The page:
The music was slightly unusual in that the verses were five lines, too. Before we sat down to record it, the last line was also only three bars. I fixed that to make room for the little tin whistle riff, but you can hear the original “mistake” in the video from the Hostel.

The basic chord structure is similar to what I used in “Danny, They Say I’m a Coward” from Fireworks, which in turn owes a lot to “The Lakes of Pontchartrain.”

This is the tune the Chieftains used on their version of “The Lilly of the West” when they recorded it with Mark Knopfler. (However, Wikipedia notes that the tune to “Lakes of Pontchartrain” is actually based on that of John of Hazelgreen (Child ballad 293).

The Recording

This was the first recording I’ve ever done where we used all 24 tracks in the studio. There are a lot of instruments that aren’t obvious, including sleigh bells, an accordion playing just the root notes of the chords, and a bass guitar that appears only on the chorus, and . . . a shaker that Chris and Tim made out of peas in a can. “Peas in a Can” promptly became Tim’s new nickname. Some of the tracks are doubled. We used 10 microphones on the drums alone and we split the guitar signal into two amps simultaneously for the rhythm guitar. It all adds up quickly.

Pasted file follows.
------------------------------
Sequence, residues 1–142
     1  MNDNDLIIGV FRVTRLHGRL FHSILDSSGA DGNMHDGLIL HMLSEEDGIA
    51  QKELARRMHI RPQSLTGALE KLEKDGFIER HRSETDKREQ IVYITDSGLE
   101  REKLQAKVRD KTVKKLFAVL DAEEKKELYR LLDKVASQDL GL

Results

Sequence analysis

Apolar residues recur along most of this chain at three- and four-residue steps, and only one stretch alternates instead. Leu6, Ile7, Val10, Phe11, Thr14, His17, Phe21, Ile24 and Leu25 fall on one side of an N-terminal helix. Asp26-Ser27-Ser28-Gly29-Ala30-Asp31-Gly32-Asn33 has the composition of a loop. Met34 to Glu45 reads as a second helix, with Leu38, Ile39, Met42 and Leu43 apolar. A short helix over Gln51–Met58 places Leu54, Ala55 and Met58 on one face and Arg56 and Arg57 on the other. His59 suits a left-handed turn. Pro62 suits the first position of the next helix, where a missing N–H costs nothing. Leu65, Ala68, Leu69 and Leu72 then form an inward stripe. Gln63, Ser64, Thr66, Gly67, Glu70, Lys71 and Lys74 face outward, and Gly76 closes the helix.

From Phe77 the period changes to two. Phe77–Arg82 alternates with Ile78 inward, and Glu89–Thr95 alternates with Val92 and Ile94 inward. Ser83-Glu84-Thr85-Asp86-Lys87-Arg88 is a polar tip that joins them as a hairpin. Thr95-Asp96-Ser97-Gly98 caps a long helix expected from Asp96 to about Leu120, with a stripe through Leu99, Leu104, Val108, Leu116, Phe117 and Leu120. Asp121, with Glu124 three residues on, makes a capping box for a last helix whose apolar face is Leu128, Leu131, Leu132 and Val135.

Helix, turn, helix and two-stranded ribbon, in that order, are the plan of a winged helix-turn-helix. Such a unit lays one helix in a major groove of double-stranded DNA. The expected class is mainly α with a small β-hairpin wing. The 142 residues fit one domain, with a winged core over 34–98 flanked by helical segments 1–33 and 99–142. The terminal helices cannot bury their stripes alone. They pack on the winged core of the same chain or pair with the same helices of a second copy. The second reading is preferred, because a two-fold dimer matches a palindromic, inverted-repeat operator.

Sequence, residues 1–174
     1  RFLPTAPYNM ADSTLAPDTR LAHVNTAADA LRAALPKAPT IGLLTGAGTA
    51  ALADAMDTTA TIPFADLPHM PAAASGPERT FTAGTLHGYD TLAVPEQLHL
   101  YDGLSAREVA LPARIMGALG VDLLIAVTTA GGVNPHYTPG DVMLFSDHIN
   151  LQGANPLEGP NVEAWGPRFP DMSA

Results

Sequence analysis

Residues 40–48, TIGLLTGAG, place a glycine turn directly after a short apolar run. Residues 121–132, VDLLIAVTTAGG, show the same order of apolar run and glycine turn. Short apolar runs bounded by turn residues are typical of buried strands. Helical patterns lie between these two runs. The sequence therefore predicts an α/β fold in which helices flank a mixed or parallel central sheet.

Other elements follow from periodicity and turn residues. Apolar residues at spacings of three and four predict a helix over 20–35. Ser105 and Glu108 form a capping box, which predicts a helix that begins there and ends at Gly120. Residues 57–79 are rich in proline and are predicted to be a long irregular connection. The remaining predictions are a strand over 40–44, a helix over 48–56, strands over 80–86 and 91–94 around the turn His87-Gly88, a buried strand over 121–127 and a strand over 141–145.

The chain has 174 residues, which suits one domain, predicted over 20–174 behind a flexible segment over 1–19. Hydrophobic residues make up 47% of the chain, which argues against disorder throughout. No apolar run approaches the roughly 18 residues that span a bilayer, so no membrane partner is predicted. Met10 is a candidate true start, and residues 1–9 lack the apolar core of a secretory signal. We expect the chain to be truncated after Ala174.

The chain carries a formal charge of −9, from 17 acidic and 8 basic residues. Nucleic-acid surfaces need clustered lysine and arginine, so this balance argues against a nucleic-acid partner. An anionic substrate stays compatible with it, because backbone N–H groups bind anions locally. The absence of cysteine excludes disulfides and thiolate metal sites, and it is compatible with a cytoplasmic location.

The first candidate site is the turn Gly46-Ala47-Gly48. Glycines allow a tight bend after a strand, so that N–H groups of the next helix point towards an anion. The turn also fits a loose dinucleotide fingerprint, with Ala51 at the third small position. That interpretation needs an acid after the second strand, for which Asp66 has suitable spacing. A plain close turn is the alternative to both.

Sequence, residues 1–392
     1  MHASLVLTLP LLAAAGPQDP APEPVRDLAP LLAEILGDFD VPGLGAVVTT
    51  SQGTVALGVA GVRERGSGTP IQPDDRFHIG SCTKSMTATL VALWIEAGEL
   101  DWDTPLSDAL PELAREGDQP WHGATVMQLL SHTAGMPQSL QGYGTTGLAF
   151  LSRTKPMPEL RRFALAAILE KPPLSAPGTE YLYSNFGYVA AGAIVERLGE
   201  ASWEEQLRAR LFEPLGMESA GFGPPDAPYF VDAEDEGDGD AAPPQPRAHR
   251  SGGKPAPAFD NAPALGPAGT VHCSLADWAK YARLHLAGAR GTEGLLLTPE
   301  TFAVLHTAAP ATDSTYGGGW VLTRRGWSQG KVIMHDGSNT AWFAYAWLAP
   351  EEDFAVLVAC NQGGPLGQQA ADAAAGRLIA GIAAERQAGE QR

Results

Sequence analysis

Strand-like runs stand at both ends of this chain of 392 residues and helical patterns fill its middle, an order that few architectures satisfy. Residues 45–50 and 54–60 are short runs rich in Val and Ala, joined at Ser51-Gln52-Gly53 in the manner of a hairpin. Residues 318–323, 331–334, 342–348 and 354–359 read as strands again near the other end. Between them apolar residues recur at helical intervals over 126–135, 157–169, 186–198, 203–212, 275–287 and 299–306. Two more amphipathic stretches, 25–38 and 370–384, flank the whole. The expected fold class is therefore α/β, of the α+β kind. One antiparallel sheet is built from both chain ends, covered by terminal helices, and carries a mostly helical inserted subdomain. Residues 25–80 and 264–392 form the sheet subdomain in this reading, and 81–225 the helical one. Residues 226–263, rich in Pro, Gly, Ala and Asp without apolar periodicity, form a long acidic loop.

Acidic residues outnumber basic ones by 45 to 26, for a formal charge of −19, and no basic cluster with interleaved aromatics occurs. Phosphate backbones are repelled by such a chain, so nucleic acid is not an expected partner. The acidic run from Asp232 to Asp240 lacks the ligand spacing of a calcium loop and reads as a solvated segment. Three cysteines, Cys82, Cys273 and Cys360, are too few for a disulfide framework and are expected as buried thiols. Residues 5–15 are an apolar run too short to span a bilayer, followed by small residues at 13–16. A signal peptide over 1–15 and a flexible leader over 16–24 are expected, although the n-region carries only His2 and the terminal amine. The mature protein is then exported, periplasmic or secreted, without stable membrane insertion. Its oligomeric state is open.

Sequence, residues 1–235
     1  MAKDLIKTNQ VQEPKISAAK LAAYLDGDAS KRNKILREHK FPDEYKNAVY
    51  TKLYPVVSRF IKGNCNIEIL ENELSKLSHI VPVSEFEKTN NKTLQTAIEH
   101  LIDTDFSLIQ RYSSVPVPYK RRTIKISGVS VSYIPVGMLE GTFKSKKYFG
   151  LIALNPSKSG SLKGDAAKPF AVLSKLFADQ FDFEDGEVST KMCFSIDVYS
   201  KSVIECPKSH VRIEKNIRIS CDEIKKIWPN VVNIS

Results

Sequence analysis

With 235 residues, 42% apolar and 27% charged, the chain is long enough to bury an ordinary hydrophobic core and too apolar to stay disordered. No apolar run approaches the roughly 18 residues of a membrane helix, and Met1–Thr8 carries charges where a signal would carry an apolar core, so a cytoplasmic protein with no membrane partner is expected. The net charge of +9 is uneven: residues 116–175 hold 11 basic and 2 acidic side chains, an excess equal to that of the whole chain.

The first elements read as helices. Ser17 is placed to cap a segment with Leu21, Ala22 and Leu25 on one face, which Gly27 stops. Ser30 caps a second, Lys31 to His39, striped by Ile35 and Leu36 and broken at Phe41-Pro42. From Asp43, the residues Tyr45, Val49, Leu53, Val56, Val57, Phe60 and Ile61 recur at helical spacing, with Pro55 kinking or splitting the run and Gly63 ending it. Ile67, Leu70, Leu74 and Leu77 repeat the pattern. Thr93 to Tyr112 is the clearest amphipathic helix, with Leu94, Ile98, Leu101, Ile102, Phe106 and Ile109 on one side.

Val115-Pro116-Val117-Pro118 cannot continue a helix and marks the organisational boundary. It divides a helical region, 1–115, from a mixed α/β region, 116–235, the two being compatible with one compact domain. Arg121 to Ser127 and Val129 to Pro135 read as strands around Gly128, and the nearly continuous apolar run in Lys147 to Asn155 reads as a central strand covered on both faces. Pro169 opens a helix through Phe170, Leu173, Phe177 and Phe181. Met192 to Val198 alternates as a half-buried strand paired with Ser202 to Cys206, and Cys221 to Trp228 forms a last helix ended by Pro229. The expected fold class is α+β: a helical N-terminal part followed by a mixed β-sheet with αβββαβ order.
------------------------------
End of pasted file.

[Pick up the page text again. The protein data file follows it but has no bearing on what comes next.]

Chris was the one who suggested the tremolo effect on the guitar in the chorus (which is a separate guitar track), one aspect of the recording that received a strong but mixed review.

I’ll also be the first to admit that we took as much advantage of digital recording as possible, and not just by punching in to fix mistakes or mediocre notes. There’s a lot of tin whistle, accordion, and backing vocal parts hidden in the track, and we moved around some of the whistle parts so that they would appear where we wanted them (and not necessarily where Mark played them). We even copy and pasted some of the background parts. (The peas in a can is a loop, for instance, and Jen sang the “oohs” in the chorus only once, perfectly, and then we copied it into the second chorus.) This might sound inorganic or even “dishonest” to some people, but I think that when you’re recording a background sound, there’s little that can be done to humanize the part without making something sound sloppy or, worse, distracting. If you think of an orchestra, you want the violins to play what’s written, not to have them all be soloists. When orchestrating your track, you want listeners to focus on what’s important.